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Big Insurance Companies Short-Change Drivers and Repair Shops to Pad Profits

Eric-Gerard

When someone is injured in an auto collision, getting healthy is the first priority. Also important, however, is repairing one’s car, often the only way to get to the doctor, physical therapist, and work. Drivers frequently look to the collision coverage from their own insurance company, to whom they dutifully send a sizable check every month, to handle the repairs. After all, that’s what they’re paid to do. Yet as The Dallas Morning News reports, insurers often secretly short-change their customers and the repair shops who service the cars by insisting on so-called “after-market” parts, which are often inferior to what the car owners had before. (Terry Box, “Some area body shops fighting insurance companies over repairs,” The Dallas Morning News, March 14, 2015, available here.)

After-market parts are car parts not made by the original manufacturer. While they cost less than original components, they frequently are of lesser quality and do not fit or function as well as the original parts. Years ago, insurance companies covering repairs for their insured customers began ordering the auto repair shops they used to replace damaged parts with after-market products while pressuring the shops to reduce wages.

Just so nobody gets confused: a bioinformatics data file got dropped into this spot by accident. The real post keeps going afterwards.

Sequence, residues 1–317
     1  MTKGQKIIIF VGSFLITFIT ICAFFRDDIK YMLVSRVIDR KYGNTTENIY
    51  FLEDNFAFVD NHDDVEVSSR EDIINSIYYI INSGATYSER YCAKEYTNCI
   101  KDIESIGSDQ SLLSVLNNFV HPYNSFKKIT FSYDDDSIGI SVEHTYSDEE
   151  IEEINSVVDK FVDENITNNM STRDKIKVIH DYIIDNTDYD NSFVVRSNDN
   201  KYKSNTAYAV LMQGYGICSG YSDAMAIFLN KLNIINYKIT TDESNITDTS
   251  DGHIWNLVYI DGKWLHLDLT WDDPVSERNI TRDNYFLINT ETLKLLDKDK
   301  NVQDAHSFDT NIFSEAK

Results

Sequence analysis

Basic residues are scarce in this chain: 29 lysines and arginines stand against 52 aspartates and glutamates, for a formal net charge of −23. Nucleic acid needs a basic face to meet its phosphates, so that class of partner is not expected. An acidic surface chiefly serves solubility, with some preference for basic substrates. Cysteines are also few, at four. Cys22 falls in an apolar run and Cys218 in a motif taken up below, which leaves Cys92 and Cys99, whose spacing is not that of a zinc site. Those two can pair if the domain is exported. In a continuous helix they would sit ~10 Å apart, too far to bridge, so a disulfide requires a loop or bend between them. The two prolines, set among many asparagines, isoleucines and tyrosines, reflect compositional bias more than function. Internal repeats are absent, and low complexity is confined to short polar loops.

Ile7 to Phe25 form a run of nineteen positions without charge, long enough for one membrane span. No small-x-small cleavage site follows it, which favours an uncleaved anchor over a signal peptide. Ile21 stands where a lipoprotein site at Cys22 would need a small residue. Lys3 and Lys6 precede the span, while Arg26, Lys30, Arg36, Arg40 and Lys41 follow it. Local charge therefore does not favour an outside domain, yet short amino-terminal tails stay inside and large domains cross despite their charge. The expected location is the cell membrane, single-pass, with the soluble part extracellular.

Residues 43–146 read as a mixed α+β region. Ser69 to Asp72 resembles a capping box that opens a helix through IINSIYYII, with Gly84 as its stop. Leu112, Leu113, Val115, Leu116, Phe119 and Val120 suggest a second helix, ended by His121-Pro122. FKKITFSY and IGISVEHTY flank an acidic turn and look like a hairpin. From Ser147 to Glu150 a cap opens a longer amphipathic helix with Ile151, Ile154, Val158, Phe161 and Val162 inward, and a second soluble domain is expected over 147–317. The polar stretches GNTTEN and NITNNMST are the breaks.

The consequences have been twofold: First, the repair shops see their margins squeezed and pay their mechanics and laborers less in turn. Second, consumers who come to pick up their cars after the repairs drive away unaware that they are less safe than before the accident, given the inferiority of the after-market components. (As noted in the article, Honda testing revealed that the timing of airbag deployment in cars using after-market parts were affected, posing a potentially deadly safety risk to drivers.) Workers and consumers lose. Meanwhile, the insurance companies pocket the savings from using these cheaper, low-quality parts.

Fortunately, a fight against this practice is gathering steam. Over 500 shops across the country have joined a lawsuit seeking to expose its illegality, although most Texas repair shops have yet to join. In parallel, U.S. Senator Richard Blumenthal of Connecticut is prodding the Justice Department to investigate the threat to consumers. As both an unfair trade practice and a public safety hazard, big insurance companies need to be held accountable for this heavy-handed tactic. Given the captive hold the insurers’ corporate dollars have over state legislatures and Congress, progress is likely to come through the courts, if at all.

The lawyers at Abraham Watkins have been fighting to protect the rights of consumers, workers, and small businesses for over sixty years. If you are someone you know has been harmed by the wrongdoing of an insurance company, contact us at by calling 713-396-3964 or toll free at 800-594-4884.

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